The Asco Post

Minority of Oncologists and Primary Care Physicians Fully Discuss Survivorship Care Plans With Cancer Survivors

By Matthew Stenger
Posted: 5/6/2014 12:15:28 PM
Last Updated: 5/6/2014 12:15:28 PM

Key Points:
  • Although 64% of oncologists routinely discussed survivorship care recommendations with survivors, only 10% routinely provided a written survivorship care plan.
  • Primary care physicians who always/almost always received both a treatment summary and follow-up care plan from survivors’ oncologists were > 9 times more likely to have discussions about survivorship care with survivors.

Of 53 National Cancer Institute cancer centers, only 43% report implementing survivorship care plans for at least some of their cancer survivors. In a study reported in the Journal of Clinical Oncology, Blanch-Hartigan et al found that a minority of a nationally representative sample of oncologists and primary care physicians routinely discuss all aspects of survivorship care or furnish survivorship care plans for cancer survivors.

Study Details

The study included data from the Survey of Physicians’ Attitudes Regarding the Care of Cancer Survivors (SPARCCS), a 2009 nationally representative mailed survey completed by 1,130 oncologists and 1,072 primary care physicians about practices and attitudes regarding post-treatment follow-up care for breast and colon cancer survivors. The absolute response rate for the survey was 57.5%, with responders not differing from nonresponders on any variables examined. Primary care physicians saw an average of 37 patients with breast or colon cancer per year, and oncologists saw an average of 35 such patients per week.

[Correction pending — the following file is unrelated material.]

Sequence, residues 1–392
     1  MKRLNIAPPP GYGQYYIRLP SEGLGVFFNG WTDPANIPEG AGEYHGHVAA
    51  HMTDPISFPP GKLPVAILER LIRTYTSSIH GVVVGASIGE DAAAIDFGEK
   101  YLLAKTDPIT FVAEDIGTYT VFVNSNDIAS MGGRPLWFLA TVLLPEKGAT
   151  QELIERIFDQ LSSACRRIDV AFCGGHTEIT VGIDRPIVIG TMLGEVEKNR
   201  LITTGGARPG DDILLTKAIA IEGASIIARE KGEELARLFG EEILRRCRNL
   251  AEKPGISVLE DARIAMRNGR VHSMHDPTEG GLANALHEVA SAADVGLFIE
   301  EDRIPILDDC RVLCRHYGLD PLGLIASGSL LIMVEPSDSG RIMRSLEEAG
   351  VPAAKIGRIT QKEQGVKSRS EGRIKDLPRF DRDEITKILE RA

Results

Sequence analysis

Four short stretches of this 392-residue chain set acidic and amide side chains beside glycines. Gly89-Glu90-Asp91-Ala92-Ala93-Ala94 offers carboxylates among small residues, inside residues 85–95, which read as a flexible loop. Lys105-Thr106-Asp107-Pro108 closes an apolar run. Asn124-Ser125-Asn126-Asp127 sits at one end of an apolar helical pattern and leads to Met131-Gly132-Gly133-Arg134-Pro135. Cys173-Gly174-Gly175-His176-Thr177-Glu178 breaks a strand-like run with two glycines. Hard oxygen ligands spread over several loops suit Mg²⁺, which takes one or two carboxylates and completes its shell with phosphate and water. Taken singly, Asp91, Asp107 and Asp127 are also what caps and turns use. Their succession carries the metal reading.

Frequency of Discussion

In total, 64% of oncologists reported always/almost always discussing survivorship care recommendations with survivors, 50% reported always/almost always discussing with survivors which physician would follow them for cancer care, 42% reported always/almost always discussing which physician would handle other medical issues, and 32% reported always/almost always discussing with survivors recommendations for survivorship care and provider responsibility for cancer and other medical follow-up. Only 10% reported always/almost always providing a written survivorship care plan to survivors, and 5% reported always/almost always giving survivors a written document and having discussions of survivorship recommendations and provider responsibility.

For primary care physicians, 21% reported always/almost always discussing recommendations for survivorship care with survivors, 34% reported always/almost always discussing with survivors which physician would follow them for their cancer, and 33% reported discussing which physician would handle other medical issues. Only 12% reported always/almost always discussing all three issues.

Factors Predicting Physician Involvement